• Two examples of auctions in our area include: Fennimore Livestock Exchange in Fennimore, Wisconsin, and Central Livestock Association in Zumbrota, Minnesota
  • Texas A&M Goat Market Report covers one of the largest meat goat markets in the U.S.
  • USDA Goat Market Reports, while this is a limited listing there are reports to look at
  • Look for special goat sales online. Often these sales will list the final sales prices for the goats sold at the sale. Note these sales often are targeted to show stock and will be higher priced then what you might find elsewhere.
  • – a website to buy and sell goats
  • Goat Rancher Magazine – breeders directory

Other cost factors to consider when starting to raise goats include: 

Goat barns, shelters or enclosures

Barns are great, but not necessary as you’re getting started raising goats. Calf hutches, metal huts or three-sided shelters can be good options for providing your goats cover from extreme elements.

You can get price estimates for these type of structures through Craigslists, online auction sites, or even from farm supply stores.

Goat water tanks or troughs

You’ll need a low water stock tank that goats of most sizes can reach into, usually about 1 foot high. Price estimates can typically be found by looking at local farm supply stores or farm supply co-ops.

Goat hay or feed

You’ll need to consider costs for feeding your goats. Goats can often be fed just hay. Grain is often not necessary, but can be fed depending on your goat herd goals. Often dairy goat herds may require a higher, and more consistent level of nutrition as compared to meat goat breeds.

You can get goat hay or feed price ideas from online listings like Craigslist, Facebook Buy/Sell groups, farm supply co-ops or farm stores.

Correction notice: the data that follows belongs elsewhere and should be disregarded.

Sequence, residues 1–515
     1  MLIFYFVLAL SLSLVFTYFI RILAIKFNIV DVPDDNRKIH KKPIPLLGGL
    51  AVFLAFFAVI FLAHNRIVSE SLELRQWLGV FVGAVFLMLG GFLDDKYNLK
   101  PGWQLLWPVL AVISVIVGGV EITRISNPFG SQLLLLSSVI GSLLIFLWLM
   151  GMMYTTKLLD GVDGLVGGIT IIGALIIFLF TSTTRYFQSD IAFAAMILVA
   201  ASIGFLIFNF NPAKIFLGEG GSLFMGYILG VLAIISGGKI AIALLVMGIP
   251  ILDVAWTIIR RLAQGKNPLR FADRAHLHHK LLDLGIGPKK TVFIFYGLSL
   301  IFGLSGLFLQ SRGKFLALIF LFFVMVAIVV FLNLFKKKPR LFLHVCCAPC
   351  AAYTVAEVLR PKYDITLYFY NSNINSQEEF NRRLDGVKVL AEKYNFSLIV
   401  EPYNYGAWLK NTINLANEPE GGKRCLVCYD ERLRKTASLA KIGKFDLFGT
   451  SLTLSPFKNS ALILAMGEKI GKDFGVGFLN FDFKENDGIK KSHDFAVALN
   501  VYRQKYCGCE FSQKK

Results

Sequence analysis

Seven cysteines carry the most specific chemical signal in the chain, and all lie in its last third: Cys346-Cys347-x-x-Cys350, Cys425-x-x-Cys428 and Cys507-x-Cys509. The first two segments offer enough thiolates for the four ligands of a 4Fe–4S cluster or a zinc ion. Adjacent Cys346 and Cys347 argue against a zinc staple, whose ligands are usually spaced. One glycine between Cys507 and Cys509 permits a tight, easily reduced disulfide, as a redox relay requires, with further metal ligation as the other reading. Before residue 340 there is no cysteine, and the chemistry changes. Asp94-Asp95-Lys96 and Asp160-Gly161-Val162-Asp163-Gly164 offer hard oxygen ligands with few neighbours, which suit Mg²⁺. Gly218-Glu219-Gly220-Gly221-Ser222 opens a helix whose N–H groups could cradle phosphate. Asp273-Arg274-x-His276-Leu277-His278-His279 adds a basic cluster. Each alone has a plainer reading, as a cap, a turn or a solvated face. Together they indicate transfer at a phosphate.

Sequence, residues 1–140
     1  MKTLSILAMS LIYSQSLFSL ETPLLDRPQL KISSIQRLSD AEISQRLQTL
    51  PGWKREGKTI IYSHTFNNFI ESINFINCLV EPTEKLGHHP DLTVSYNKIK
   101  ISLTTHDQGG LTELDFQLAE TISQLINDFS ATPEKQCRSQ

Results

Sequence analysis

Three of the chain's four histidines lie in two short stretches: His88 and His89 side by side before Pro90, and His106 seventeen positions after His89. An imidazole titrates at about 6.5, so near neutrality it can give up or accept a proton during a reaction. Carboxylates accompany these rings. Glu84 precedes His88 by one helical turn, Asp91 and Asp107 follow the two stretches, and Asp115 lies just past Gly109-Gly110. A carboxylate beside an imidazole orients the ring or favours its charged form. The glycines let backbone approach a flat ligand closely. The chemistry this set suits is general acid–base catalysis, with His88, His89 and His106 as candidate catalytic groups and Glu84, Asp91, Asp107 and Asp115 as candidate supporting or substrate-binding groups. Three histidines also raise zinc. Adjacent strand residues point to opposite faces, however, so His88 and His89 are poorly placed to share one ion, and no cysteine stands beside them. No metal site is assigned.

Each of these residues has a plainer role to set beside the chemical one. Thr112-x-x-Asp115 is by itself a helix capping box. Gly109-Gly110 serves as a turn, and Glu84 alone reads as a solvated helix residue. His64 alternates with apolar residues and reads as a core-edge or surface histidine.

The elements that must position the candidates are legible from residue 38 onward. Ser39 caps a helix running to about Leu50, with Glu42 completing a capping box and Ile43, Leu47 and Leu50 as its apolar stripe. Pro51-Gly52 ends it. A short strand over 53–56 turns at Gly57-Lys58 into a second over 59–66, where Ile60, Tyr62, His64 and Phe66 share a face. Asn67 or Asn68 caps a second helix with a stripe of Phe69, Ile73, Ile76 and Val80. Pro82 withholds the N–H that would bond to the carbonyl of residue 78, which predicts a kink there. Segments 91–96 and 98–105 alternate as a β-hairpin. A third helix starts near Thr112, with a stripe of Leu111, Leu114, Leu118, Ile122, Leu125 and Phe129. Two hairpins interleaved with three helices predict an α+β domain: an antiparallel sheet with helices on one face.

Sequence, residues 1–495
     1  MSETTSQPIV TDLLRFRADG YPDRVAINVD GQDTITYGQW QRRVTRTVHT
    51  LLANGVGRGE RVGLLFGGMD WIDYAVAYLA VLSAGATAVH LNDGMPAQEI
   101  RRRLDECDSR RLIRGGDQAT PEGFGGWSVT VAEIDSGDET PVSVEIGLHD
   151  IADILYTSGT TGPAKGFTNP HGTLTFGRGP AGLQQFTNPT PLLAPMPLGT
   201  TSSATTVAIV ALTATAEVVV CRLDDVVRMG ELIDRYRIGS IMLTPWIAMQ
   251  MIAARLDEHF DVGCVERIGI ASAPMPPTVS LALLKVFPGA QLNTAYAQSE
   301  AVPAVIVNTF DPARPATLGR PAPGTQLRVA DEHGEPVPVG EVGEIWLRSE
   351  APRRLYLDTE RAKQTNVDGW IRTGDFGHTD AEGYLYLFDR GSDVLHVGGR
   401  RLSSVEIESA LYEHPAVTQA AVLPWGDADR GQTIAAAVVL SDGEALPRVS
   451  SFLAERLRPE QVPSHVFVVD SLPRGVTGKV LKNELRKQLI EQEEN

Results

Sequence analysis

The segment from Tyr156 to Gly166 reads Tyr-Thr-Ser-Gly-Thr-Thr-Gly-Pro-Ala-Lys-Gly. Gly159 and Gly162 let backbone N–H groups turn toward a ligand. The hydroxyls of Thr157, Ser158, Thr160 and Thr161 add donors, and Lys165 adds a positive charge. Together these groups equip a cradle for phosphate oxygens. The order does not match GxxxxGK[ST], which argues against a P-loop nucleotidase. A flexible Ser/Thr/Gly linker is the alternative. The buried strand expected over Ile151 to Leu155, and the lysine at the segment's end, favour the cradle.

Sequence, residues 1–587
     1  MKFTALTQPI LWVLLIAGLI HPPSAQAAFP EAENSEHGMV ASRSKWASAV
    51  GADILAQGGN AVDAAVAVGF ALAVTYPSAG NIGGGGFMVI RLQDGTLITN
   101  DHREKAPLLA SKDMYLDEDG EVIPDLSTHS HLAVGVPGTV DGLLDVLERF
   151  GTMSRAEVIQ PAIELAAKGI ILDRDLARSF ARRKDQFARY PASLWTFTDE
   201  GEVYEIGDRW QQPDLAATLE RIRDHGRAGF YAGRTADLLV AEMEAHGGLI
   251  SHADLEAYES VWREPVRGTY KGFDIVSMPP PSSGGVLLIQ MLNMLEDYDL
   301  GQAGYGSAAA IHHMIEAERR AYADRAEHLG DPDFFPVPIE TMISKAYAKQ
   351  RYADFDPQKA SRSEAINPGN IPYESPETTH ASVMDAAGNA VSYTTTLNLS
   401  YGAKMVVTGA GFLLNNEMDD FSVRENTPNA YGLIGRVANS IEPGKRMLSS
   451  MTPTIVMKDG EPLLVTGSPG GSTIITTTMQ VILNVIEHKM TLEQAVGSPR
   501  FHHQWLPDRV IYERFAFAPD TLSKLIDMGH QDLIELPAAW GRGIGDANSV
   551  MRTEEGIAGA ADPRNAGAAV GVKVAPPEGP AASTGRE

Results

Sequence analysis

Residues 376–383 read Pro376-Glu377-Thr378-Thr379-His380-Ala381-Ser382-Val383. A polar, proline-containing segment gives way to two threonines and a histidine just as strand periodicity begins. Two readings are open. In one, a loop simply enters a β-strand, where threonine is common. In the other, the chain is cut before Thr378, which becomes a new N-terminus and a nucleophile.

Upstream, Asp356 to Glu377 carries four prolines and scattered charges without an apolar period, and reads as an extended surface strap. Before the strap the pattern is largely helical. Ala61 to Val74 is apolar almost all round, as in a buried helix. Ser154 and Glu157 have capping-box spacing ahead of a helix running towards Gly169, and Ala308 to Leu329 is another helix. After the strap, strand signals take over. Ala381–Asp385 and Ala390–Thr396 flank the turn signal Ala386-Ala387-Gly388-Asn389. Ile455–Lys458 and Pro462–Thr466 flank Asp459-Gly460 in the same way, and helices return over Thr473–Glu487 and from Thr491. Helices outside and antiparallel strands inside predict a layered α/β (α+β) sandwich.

Goat minerals

Price your goat minerals out by the bag. A good source for goat minerals would be a local farm supply store or even farm supply/feed co-op. If the co-op doesn’t have a retail store, just call and as if they sell or can get 40-50 lb. bags of goat mineral and get pricing. Learn more about goat minerals here.

Veterinary care and medicine

Eventually you’ll need to have basic veterinary medicine for your goats on hand. Depending on your goat herd’s needs you may need to consult a veterinarian or have them do a farm call. However, these costs may not be as necessary for initial planning purposes. 

Other local resources

Find other goat farmers in your area or seek out your local agricultural extension agent to help find realistic sources for building a budget for raising your goats. 

Video: How much does it cost to start raising meat goats?

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Legal disclaimer: All information provided is based on personal experience and is provided for educational and information use only. You agree to indemnify and hold harmless our website, company and owner for any direct or indirect loss or conduct incurred as a result of your use of our website and any related communications. This applies to, but is not limited to, business operational information and consulting, as well as farm and goat management practices.Any animal health information provided on this website is based on personal experience or information provided by others whose treatments and practices have been discussed with a veterinarian. In all situations, it is the responsibility of the livestock owner to consult with a veterinarian before using any animal health practices shared on this website or by this company and its owner. See the full legal disclaimer here.